Another way people try to handle life in space is to bring along cherished images and objects from Earth, to help make their unusual environment seem more familiar. In this film, photographs of distant loved ones are found everywhere. People continue to play their favorite games; on the ISS, I thought I saw a small floating rook, a chess piece probably used by a Russian crewman, and the Chinese station definitely included a ping pong paddle and ball. Residents of space still want to be consoled and inspired by traditional religions: one panel of the ISS had a card with a medieval painting of Jesus, while a console in the Chinese station featured a small golden Buddha. Most evocative, perhaps, are the quaint reminders of earlier visions of space travel: the ISS is decorated with the famous image of the spaceship hitting the Man in the Moon from Georges Méliès’s Voyage dans la Lune (1902), while a small statue of the Looney Tunes character Marvin the Martian drifts away from the destroyed space shuttle. In reality, of course, there is nothing human-like to be found in outer space, except for the possessions that humans bring with them.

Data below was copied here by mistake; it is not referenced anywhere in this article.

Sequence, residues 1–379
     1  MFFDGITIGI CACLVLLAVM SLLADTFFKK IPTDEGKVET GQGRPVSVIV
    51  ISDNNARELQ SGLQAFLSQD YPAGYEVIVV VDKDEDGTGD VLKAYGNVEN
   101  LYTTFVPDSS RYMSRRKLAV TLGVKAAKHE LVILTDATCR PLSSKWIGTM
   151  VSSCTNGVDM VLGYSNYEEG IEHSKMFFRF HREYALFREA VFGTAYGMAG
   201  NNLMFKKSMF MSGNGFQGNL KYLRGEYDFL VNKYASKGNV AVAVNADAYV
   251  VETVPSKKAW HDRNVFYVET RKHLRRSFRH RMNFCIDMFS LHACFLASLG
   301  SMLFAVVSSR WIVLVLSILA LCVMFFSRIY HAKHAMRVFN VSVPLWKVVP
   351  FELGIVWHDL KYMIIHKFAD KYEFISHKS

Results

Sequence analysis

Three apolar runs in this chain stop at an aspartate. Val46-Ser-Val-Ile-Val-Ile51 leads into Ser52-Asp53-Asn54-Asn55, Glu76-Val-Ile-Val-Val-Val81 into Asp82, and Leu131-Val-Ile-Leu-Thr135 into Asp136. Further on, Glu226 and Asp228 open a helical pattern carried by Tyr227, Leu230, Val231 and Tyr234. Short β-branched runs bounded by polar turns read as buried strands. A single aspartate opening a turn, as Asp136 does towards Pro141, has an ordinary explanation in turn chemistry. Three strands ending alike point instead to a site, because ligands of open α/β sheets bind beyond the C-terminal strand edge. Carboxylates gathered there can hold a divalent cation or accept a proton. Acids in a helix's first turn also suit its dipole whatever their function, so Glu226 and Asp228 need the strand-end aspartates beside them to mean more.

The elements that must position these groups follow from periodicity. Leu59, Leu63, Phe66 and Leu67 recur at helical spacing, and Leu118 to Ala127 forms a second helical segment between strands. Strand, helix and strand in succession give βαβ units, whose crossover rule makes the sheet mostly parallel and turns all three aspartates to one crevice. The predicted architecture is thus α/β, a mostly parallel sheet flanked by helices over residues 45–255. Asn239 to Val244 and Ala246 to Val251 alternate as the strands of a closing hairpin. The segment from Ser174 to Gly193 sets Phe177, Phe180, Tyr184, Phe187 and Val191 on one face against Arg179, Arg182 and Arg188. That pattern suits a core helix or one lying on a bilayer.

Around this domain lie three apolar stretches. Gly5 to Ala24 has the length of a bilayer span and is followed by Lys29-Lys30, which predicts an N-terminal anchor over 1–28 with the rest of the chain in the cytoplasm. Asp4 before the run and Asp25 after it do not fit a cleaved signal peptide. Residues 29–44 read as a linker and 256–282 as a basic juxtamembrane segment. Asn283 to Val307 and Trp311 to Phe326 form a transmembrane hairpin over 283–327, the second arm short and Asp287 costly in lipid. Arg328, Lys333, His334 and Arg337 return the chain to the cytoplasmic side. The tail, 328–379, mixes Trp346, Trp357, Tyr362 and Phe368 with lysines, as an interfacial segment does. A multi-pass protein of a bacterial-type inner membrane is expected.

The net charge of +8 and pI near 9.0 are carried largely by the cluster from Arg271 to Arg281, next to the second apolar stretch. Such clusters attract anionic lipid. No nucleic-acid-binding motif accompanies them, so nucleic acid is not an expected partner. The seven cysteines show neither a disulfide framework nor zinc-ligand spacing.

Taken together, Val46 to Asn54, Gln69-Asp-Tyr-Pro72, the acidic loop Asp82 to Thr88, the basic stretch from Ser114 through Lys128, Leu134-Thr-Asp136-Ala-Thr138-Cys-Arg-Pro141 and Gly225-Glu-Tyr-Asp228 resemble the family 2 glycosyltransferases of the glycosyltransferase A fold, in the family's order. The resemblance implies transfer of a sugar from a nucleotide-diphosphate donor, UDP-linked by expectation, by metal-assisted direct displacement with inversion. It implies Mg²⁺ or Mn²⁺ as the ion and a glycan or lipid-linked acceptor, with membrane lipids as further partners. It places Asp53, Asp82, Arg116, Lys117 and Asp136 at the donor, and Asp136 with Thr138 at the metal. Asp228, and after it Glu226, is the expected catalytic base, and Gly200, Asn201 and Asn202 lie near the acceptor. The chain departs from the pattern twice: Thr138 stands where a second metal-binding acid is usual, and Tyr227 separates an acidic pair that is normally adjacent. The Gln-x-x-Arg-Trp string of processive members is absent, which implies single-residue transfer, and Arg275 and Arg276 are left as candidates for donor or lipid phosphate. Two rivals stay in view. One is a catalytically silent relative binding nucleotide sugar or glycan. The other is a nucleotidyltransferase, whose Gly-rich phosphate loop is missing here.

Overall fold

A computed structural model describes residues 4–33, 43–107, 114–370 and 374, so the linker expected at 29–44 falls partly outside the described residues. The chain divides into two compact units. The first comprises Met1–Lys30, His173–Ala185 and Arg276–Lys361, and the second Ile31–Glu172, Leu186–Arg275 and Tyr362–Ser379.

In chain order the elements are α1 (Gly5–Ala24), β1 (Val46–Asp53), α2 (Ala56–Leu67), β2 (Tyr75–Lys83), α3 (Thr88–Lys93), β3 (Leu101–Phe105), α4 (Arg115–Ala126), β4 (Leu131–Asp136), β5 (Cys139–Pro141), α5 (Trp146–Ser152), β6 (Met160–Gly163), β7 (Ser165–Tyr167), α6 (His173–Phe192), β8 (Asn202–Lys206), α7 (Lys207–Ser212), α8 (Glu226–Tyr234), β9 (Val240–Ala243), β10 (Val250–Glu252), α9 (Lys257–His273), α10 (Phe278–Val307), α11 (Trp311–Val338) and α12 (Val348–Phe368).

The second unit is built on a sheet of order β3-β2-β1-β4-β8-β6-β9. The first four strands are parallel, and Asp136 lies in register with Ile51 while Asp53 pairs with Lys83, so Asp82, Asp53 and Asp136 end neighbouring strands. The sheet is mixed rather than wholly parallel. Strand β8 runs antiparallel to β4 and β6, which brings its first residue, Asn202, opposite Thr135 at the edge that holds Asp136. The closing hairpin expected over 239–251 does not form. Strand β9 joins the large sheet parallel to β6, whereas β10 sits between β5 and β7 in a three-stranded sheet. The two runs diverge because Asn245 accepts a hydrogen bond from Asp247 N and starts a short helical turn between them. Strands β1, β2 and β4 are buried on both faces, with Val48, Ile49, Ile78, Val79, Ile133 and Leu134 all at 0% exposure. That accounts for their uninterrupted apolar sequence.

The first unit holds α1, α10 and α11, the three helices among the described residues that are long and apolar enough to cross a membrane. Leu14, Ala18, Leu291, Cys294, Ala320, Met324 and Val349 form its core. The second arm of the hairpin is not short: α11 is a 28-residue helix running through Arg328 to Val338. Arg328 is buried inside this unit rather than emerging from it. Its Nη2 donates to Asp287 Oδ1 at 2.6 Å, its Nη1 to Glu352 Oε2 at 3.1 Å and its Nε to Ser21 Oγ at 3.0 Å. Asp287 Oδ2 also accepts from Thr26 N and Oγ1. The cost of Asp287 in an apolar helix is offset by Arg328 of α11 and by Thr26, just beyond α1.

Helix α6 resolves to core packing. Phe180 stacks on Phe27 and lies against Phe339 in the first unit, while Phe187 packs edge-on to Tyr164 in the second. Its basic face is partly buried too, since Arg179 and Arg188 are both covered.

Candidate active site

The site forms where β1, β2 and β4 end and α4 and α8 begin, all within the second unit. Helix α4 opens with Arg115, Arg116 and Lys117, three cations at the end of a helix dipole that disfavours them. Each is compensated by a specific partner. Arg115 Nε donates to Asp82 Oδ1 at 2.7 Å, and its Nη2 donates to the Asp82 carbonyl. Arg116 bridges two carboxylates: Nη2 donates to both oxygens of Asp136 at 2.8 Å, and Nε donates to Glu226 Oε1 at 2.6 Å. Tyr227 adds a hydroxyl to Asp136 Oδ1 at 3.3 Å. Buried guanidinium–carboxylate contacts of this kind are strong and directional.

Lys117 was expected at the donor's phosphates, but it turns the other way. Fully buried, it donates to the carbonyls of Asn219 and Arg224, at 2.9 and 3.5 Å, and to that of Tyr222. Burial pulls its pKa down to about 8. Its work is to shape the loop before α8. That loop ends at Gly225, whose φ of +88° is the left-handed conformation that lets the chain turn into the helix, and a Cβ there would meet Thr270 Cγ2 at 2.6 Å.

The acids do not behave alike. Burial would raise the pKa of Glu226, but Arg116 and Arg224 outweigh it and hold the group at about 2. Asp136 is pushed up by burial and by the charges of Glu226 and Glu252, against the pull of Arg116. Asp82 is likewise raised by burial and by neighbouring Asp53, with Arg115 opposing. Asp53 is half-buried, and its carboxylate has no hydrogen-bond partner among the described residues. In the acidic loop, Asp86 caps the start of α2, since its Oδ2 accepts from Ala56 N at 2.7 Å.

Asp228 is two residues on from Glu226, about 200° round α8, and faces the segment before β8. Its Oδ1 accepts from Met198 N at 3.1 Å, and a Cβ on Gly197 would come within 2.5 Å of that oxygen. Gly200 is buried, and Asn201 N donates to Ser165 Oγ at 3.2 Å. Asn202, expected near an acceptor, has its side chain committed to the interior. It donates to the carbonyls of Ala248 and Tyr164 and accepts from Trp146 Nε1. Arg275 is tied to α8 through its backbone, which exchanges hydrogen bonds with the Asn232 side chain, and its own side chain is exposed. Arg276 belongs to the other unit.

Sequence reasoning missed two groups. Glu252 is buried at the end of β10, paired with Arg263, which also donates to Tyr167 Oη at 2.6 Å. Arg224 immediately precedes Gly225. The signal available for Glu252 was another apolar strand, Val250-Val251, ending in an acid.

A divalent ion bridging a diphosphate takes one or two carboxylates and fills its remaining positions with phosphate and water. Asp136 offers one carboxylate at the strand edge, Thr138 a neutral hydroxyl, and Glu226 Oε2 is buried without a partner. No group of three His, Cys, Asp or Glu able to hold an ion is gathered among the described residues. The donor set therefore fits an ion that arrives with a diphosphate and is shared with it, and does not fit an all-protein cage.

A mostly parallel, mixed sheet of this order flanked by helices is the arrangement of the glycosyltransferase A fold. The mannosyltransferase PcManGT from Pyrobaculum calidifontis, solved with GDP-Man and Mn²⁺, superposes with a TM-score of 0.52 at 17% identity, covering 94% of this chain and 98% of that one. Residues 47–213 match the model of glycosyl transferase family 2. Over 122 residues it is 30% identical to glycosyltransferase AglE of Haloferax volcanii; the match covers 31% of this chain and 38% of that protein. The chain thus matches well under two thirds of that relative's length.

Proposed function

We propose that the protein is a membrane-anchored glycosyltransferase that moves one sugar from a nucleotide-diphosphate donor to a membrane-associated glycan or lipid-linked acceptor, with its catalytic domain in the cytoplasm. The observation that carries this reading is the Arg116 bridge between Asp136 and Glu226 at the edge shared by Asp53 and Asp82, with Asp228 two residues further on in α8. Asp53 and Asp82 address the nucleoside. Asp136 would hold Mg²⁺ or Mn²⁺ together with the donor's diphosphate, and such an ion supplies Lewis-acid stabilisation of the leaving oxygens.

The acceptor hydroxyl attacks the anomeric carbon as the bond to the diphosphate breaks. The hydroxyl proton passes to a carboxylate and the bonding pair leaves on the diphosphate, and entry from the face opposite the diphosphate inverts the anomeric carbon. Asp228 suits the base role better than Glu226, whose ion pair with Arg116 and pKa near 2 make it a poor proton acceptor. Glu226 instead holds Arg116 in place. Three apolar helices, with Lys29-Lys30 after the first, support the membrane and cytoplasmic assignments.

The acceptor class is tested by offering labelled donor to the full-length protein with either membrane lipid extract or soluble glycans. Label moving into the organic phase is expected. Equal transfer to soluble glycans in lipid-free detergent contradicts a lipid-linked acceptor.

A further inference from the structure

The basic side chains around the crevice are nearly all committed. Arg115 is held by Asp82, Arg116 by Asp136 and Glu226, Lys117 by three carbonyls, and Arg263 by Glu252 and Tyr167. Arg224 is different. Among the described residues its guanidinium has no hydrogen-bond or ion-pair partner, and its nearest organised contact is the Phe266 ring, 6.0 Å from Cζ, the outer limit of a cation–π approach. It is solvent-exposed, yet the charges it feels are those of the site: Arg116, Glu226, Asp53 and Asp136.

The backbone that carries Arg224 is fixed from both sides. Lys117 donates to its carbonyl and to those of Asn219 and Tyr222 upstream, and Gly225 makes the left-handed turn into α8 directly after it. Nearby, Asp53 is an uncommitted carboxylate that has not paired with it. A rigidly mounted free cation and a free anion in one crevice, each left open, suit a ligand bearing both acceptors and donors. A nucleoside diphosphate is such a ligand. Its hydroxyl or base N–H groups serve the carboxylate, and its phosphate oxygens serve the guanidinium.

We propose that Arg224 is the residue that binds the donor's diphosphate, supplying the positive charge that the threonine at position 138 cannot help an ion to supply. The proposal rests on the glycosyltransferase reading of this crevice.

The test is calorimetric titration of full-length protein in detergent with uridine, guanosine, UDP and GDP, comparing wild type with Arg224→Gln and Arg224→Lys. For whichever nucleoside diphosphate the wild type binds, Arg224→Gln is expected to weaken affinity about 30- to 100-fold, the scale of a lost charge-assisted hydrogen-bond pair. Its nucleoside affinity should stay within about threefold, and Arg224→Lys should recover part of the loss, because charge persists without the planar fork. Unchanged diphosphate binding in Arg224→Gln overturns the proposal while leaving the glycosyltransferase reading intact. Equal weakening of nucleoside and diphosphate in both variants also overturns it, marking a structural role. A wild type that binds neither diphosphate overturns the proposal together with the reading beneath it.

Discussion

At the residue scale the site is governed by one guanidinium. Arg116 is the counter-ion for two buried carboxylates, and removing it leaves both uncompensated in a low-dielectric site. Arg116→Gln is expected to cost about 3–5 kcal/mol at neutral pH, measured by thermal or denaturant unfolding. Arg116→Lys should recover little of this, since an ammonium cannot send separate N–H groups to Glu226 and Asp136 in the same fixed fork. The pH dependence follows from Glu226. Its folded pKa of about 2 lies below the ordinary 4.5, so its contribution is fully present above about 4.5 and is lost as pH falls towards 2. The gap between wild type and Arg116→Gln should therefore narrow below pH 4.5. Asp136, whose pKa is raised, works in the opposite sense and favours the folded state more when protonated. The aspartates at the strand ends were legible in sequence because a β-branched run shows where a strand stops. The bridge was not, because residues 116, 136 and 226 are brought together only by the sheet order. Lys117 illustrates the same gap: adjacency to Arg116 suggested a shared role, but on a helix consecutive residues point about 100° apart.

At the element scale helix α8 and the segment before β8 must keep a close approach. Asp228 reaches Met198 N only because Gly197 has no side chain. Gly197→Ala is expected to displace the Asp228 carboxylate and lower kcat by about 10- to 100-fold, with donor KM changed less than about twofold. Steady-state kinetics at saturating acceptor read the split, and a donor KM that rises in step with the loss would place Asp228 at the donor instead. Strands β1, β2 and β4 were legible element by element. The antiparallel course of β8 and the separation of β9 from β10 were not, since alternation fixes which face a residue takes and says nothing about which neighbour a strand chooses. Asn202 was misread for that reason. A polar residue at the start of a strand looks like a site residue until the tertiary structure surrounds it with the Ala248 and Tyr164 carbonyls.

Although the coping mechanisms of humor and homey touches might help people deal with the challenges of space for a while, Cuarón’s film actually appears to recommend another, more drastic solution: to leave outer space forever. True, this is brought about in the film only as the accidental result of a satellite explosion, which destroys a space shuttle, forces the evacuation of humanity’s two space stations, and ultimately destroys them as well. Clearly, though, in the world of this film, no one will be living in space for a long, long time, and while earlier spacesuit films regularly offered stirring rhetoric about humanity’s future endeavors in space, this film says absolutely nothing about any plans to rebuild the stations or to recover from this disaster by launching bold new initiatives to conquer the universe. In fact, since the storm of debris apparently destroyed most of Earth’s satellites, and since the attempted repair of the Hubble Space Telescope which opens the film is never completed, one must assume that even unmanned explorations of the universe will be halted, at least temporarily. It is also telling that while they keep improvising plans to survive, Kowalski and Stone never consider the option of remaining inside a space station and living off its supplies, hoping some future space mission might retrieve them; instead, they focus solely on getting back to Earth, suggesting that this represents the natural option for troubled space travelers. Thus, near the end of the film, when Stone mumbles, “It’s time to go home,” she may be speaking for the entire human race, not merely herself; for if humanity’s hold on space is as tenuous as the film indicates, capable of being ended by one fatal mistake, permanently returning to Earth may represent the best option.